August 3, 2009 § 1 Comment
I’ve read dozens of news stories in the past few months that compared the recession’s effect on one area to its effect on the nation as a whole. These stories benefit from charts that convey the hard numbers behind the story.
Above is an example of how you might compare the unemployment rate in Columbia, Mo., to the rate in the United States. The city seems to be doing okay, relatively speaking.
The numbers to build this chart come from www.bls.gov/data/. From that page, scroll down to the unemployment section, and select the one-screen data search for “local area unemployment statistics.”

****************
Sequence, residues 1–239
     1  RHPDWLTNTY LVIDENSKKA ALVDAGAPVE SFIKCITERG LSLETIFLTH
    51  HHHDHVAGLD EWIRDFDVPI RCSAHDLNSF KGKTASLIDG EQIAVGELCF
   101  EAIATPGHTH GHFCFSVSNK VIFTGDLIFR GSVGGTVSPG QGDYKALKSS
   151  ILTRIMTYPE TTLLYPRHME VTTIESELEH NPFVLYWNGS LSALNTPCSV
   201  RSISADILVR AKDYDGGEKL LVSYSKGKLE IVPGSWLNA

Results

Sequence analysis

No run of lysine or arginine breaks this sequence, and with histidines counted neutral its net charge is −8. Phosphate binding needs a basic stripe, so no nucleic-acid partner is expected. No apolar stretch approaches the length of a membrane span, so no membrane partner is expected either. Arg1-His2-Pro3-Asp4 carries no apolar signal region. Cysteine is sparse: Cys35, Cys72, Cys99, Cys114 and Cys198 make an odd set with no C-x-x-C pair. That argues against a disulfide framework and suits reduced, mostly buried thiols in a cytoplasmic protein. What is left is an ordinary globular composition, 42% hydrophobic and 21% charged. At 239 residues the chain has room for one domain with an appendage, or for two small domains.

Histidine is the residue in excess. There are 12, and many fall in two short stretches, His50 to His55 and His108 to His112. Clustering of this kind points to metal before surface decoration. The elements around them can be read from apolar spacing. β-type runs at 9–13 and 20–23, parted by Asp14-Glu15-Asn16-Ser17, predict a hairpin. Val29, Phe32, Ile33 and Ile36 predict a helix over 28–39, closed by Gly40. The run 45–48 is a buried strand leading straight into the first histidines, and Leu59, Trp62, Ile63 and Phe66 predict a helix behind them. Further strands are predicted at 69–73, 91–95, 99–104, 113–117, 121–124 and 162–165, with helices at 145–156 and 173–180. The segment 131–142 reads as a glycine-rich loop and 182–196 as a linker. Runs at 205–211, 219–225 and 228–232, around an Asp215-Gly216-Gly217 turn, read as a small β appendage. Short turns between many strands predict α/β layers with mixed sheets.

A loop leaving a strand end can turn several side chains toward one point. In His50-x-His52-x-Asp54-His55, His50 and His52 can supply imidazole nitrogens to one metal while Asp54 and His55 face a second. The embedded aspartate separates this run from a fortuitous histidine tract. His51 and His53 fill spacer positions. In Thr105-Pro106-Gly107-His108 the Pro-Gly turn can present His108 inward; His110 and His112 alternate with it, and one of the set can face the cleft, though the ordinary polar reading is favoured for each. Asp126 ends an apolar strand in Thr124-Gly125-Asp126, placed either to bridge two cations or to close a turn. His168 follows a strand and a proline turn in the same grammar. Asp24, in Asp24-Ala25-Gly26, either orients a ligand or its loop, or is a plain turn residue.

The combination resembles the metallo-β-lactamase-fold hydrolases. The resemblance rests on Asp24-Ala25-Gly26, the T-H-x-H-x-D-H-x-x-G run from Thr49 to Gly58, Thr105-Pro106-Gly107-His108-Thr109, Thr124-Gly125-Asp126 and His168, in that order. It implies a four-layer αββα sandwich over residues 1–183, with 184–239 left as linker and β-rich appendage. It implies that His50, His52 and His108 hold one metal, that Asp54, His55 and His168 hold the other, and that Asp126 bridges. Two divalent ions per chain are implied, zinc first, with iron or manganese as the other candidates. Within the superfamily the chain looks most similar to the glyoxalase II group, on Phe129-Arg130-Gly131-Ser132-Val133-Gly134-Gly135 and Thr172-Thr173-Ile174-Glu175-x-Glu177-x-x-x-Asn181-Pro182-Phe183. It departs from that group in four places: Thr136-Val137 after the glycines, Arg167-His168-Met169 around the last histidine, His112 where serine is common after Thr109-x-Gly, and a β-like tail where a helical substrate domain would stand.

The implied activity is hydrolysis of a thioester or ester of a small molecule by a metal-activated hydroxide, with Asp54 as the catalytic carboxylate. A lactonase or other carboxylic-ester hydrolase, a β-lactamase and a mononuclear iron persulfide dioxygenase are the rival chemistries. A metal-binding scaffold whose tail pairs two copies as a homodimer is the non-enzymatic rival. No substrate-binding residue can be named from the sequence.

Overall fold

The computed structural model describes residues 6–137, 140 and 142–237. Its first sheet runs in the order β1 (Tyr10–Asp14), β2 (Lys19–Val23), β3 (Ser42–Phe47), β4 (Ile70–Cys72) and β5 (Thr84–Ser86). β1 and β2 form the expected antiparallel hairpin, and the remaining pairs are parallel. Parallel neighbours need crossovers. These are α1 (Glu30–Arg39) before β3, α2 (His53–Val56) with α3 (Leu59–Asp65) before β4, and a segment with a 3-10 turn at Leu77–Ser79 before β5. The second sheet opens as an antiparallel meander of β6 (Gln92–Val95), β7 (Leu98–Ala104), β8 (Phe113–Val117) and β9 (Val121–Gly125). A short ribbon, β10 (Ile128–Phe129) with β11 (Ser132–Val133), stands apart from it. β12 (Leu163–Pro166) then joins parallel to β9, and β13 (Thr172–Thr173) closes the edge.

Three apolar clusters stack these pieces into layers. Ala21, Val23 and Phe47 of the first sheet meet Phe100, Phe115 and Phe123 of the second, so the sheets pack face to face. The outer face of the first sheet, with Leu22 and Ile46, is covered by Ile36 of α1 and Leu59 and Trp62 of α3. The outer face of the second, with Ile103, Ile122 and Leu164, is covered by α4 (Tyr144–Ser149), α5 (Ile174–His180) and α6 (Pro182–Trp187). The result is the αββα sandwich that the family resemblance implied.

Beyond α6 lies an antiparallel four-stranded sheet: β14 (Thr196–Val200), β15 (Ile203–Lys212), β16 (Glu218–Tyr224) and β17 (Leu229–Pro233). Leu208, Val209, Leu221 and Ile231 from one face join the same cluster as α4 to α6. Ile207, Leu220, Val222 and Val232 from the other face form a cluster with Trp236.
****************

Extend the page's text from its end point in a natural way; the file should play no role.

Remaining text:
The search page will look something like this:
For the national figures use the one-screen search for “labor force statistics including the national unemployment rate.”
It has more options than the local-area statistics page. On option 7, choose unemployment rate. On option 8, choose not seasonally adjusted. On option 9, chose monthly.
In general you want to use seasonally adjusted rates when they’re available. Unfortunately, this database does not provide the adjusted rates for local areas. You have to use unadjusted rates for the national statistics as well to make an accurate comparison.
July 3, 2009 § Leave a comment
By using a sort of “heat map” to plot unemployment over time, this Wall Street Journal graphic lets you take in a huge amount of data at one glance. You can mouse over every month to get the exact data point and toggle on and off a symbol that indicates the month fell within a recession period.